Imagine shopping for a new car. You pick out a model you like, open the door for a test drive, take a seat, start the engine and reach for the radio knob. Only there’s no radio knob. Or touch screen. Or navigation unit. In fact, there’s nothing to suggest this new car offers any kind of entertainment or technology other than the required driver input information.
What’s going on? Is this car a throwback to the days of basic transportation when no air conditioning or car stereo existed? Is it the result of the government trying to limit driver distraction? Or is the lack of technology actually a sign of some of the greatest in-car tech ever used?
As smartphones and tablet computers become popular in our society, it’s inevitable that drivers will use them in place of in-car tech. Why pay $2,000 or more for in-car navigation when the iPhone has it built in? Why pay for an expensive audio interface when you could slide a new iPad Mini into the dash and have instant access to all your music and apps?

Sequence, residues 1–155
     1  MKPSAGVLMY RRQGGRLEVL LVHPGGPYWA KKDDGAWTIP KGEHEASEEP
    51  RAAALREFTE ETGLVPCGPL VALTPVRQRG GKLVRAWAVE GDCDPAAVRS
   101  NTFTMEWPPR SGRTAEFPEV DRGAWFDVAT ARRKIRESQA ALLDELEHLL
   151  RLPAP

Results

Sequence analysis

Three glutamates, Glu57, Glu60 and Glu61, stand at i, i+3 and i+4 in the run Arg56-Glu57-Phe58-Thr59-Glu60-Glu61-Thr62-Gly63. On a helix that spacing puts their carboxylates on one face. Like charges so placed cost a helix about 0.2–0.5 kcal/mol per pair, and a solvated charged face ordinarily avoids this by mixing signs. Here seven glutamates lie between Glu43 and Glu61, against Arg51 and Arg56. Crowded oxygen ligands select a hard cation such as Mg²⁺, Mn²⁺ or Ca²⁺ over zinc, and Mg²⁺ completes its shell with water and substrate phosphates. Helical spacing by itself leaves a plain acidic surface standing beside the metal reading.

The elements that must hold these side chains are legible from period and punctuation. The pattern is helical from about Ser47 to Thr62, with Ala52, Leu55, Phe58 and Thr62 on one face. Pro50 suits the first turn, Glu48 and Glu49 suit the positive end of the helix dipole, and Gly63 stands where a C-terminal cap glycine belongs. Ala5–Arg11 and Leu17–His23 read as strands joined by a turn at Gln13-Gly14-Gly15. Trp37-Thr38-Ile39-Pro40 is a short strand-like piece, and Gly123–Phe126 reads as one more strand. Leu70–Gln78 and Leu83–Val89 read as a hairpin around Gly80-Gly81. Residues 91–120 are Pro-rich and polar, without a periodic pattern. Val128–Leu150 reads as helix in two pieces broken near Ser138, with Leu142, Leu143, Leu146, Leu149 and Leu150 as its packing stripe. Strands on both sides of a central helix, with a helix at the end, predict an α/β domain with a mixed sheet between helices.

Aftermarket companies are already offering to customize cars with integrated iPad Minis, creating a seamless, yet removable, installation. The 7.9-inch display is quite perfect for auto use and will be an easier fit than the larger iPad.
It’s certainly conceivable that future cars will be sold without factory entertainment technology, but with ports ready to accept a consumer’s personal device. Automakers could save money, and consumers would get instant personalization of their new vehicles.
Better yet, maybe car companies should take the next step and partner with Apple or Microsoft or Samsung and provide these devices as in-car tech instead of the existing touch screens and radio controls. Ford’s Sync comes close, but it sure seems like it would be a lot less complicated to just integrate a new Windows Surface and call it good.
Wouldn’t it be cool if an iPad or similar tablet could replace all audio, climate and navigation controls in a car?